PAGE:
Hong Kong becomes a Host Country
On 4 January 2015, the Permanent Court of Arbitration (“PCA”) and Government of the People’s Republic of China signed a Host Country Agreement and related Memorandum of Administrative Arrangements, the result of which is the establishment in Hong Kong of a legal framework under which PCA-administered proceedings can be conducted in Hong Kong on an ad hoc basis, without the need for a physical presence of the PCA (which is based in the Hague) in Hong Kong.
A Host Country Agreement secures the provision by the host country of facilities and services required for PCA-administered proceedings, such as office and meeting space and secretarial services, which may be offered at no cost to parties in such proceedings. Further Host Country Agreements regulate the privileges and immunities afforded by the host country to adjudicators and participants in such proceedings. The PCA has previously signed Host Country Agreements with Singapore, Vietnam, Argentina, Chile, Costa Rica, India, Lebanon, Mauritius, and South Africa.
The Permanent Court of Arbitration
The PCA, is an intergovernmental organisation with 116 member states, established in the Hague in 1899, which provides facilities and support services for PCA-administered arbitration, conciliation, mediation, and fact-finding commissions of inquiry between member states. It provides such services for the resolution of disputes involving various combinations of states, state entities, intergovernmental organizations, and private parties. Its caseload encompasses territorial, treaty, and human rights disputes between states, as well as commercial and investment disputes, including disputes arising under bilateral and multilateral investment treaties.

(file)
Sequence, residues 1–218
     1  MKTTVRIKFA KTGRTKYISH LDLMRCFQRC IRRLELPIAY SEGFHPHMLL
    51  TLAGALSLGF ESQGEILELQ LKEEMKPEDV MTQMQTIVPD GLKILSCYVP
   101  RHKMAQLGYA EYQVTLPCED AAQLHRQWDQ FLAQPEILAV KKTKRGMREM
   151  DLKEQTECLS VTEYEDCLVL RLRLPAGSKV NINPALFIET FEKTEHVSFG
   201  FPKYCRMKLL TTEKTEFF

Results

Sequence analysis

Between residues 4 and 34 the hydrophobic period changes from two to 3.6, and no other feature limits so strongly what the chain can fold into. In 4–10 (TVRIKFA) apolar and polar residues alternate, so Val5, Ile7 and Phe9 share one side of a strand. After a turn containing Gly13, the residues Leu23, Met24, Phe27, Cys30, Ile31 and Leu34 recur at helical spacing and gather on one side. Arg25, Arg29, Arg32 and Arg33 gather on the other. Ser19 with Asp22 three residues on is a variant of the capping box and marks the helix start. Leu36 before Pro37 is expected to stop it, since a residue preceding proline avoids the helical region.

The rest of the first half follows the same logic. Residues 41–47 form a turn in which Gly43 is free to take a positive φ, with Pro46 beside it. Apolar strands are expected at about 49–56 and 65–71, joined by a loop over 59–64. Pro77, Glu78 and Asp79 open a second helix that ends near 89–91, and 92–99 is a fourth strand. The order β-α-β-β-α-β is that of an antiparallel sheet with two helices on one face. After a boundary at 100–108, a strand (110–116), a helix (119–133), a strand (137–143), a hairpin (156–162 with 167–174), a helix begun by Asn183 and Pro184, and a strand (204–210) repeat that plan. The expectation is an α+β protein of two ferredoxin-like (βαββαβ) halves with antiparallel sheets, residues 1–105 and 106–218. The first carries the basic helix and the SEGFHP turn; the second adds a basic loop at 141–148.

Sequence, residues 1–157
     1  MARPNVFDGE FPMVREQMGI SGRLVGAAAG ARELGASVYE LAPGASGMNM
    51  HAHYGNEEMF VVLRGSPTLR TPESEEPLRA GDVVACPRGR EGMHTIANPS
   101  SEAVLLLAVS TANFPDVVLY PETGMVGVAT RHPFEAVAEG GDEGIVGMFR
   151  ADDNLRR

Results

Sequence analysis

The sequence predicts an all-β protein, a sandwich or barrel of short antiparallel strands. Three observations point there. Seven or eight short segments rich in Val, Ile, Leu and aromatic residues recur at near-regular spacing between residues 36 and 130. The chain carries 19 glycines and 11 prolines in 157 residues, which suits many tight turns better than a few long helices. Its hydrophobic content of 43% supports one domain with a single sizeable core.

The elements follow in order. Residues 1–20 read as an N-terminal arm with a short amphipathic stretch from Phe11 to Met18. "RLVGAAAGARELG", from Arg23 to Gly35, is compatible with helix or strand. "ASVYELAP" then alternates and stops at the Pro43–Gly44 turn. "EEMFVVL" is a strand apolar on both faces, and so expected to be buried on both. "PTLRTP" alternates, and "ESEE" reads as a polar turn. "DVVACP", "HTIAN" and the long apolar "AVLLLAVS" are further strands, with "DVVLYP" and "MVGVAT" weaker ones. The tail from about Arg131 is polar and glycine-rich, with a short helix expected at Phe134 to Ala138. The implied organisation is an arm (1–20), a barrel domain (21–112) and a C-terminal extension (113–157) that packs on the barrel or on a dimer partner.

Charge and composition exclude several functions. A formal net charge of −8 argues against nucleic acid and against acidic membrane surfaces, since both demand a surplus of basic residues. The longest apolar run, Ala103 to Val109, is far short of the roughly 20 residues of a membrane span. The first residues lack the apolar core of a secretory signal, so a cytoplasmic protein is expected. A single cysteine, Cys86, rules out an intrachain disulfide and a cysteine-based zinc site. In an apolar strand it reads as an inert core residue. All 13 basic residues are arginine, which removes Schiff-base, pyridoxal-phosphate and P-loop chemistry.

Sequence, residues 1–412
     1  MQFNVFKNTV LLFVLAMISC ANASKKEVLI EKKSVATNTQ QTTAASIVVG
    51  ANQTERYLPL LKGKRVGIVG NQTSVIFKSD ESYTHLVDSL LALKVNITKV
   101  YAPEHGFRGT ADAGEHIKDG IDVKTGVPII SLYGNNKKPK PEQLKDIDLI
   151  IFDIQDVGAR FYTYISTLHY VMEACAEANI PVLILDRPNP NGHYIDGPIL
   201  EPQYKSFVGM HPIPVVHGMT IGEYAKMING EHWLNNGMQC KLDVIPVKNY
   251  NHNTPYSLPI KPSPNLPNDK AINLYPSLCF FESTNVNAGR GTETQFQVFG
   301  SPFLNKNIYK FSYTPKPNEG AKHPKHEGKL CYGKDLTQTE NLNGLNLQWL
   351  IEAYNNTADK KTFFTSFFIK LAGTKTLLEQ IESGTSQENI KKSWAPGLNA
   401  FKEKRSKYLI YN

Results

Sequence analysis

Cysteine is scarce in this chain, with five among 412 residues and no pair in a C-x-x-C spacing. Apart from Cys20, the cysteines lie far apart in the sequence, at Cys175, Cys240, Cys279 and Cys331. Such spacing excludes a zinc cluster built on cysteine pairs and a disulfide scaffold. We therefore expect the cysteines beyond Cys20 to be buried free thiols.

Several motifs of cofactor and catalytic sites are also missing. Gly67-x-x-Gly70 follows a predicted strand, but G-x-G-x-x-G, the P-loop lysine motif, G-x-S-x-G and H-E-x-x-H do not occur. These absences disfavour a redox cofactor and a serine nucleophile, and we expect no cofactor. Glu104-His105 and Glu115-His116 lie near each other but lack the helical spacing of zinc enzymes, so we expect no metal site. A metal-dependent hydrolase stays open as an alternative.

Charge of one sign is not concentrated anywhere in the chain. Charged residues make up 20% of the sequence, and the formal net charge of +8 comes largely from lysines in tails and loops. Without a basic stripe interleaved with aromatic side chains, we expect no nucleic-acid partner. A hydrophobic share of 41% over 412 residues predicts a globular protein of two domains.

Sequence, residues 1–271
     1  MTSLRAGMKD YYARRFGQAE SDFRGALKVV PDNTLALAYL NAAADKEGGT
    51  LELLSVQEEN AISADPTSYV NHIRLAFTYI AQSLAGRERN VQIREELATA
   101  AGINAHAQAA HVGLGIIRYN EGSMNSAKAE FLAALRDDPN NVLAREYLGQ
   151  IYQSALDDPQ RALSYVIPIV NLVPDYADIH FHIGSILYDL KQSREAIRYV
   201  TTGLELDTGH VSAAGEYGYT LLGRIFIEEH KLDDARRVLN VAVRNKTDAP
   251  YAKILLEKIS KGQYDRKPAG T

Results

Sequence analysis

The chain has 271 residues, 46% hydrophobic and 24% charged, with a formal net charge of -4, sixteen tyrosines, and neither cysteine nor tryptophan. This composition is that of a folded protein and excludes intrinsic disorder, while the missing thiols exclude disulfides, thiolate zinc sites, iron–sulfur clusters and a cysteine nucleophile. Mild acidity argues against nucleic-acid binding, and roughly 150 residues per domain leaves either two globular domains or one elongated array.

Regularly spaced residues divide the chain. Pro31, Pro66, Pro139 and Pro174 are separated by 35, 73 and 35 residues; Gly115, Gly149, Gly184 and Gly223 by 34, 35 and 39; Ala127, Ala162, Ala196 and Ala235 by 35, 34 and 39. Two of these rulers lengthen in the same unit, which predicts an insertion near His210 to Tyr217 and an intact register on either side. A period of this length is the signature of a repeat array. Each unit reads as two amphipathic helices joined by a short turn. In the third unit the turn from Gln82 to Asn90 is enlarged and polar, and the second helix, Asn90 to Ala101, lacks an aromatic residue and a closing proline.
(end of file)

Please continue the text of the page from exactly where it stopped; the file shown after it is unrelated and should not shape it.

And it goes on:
The PCA’s Secretariat (the International Bureau), by its Secretary-General, provides administrative support to tribunals and commissions and can also assist in the selection of arbitrators or be called upon to designate or act as appointing authority. For example, the UNCITRAL Arbitration Rules entrust the PCA’s Secretary-General to designate an “appointing authority” upon request of a party to arbitration proceedings, where the parties have not made such designation by agreement.
What does this mean for Hong Kong?
The PCA has concluded Host Country Agreements with Asian countries, including Hong Kong, in view of the increasing demand for arbitration services for disputes between investors and states involving Asian parties. Hong Kong now being a Host Country will be able to handle PCA-administered proceedings, including some of the 100 plus cases currently outstanding. This will no doubt further enhance Hong Kong’s position as an international arbitration centre and amounts to a vote of confidence in Hong Kong and its legal system.